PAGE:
Robert Ford, the former US ambassador to Damascus, criticised Barack Obama's policy on Syria, saying Washington should do more and take the initiative to arm the moderate opponents of the Syrian government.
In an interview with PBS NewsHour Ford said that as a result of US hesitancy, extremist threats to the United States had grown.
Ford, a veteran diplomat who is widely respected, served as ambassador in Damascus for more than three years until his retirement in March. He left the country in 2011 after the US received threats against his safety in Syria.
It is likely to fuel the debate about Obama's cautious attitude to the war at a time when the White House has launched a campaign to counter criticism of the president's foreign policy.
Syrians cast their votes on Tuesday in elections which resulted in the expected landslide victory for President Bashar Al-Assad. The elections were described as a farce in the midst of a devastating civil war in the country.
Ford said the election "is a signal, to us, to other countries in the region, to Europe, et cetera, that Assad is not leaving. He is staying deeply entrenched in the capital in Syria, even as other parts of the country remain outside his control."
Responding to Ford's comments, State Department spokeswoman Marie Harf said: "He's a private citizen. He's entitled to his views. What we're focused on today is the officials who are still here, who are working on Syria, who share the kind of frustration you've heard from the president, the secretary and others."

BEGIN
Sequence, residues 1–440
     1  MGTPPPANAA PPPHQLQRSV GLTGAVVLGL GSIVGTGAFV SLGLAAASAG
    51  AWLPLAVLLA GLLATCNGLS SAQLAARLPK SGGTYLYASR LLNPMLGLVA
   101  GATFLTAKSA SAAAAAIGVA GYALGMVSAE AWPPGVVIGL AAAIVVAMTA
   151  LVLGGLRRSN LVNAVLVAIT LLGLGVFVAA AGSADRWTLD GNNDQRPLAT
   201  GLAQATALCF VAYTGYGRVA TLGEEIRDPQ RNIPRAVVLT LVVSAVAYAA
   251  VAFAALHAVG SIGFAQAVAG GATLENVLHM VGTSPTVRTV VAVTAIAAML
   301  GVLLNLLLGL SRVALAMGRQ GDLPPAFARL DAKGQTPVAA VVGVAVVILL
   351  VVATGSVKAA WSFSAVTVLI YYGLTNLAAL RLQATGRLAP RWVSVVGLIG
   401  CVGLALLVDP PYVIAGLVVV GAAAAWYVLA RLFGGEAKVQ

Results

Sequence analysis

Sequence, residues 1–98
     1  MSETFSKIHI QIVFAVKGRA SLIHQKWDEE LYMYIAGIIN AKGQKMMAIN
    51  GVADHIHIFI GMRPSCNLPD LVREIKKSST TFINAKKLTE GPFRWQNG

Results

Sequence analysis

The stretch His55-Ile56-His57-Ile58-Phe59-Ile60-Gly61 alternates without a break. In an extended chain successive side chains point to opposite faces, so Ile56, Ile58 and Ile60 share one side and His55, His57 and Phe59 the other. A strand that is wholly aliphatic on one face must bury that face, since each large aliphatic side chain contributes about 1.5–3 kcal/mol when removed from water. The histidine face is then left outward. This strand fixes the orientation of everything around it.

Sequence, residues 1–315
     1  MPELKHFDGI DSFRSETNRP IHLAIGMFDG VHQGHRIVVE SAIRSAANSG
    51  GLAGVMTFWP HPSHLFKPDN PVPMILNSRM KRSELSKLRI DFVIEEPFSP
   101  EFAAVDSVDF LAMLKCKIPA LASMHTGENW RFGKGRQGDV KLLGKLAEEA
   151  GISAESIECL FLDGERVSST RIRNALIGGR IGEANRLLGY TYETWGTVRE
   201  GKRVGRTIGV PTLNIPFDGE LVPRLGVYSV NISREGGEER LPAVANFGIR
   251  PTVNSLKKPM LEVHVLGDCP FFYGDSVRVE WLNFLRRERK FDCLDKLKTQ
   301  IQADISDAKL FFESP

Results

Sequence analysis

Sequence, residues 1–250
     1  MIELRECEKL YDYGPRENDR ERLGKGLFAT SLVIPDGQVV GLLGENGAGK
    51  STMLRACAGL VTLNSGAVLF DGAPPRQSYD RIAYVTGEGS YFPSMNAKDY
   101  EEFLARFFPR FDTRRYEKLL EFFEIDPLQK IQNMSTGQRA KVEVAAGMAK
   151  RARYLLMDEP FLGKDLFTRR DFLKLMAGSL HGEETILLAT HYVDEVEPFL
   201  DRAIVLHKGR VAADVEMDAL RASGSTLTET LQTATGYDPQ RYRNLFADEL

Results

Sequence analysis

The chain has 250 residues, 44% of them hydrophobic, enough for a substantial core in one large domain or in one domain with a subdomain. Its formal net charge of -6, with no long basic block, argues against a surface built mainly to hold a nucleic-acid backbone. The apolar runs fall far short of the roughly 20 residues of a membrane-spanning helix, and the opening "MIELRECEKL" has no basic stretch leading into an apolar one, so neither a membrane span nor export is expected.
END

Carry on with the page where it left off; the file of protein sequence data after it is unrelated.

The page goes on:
Obama called on Assad to step down from power in August 2011, but resisted calls for US intervention in Syria in August of last year. He also declined to guide missile strikes into Syria in response to frequent reports of the use chemical weapons by the regime. Instead, a US-Russian agreement was reached to transport Syria's chemical arms out of the country.
The United States has provided limited military training and supplies to the moderate opposition fighters. US officials said last month that Washington will expand its support for a select group of opponents, but gave no further details.
"It's not clear to me yet if they are prepared to ramp up [assistance] in a such a way that would be meaningful on the ground and that's what matters," Ford said in the interview.
"We need – and we have long needed – to help moderates in the Syrian opposition with both weapons and other non-lethal assistance.
"Had we done that a couple of years ago, had we ramped it up, frankly the Al-Qaeda groups that have been winning adherents would have been unable to compete with the moderates who frankly we have much in common with," Ford said.
Meanwhile, he said, Russia and especially Iran were massively increasing their assistance to Al-Assad.
"Our policy was not evolving and finally I got to a point where I could no longer defend it publicly," Ford said.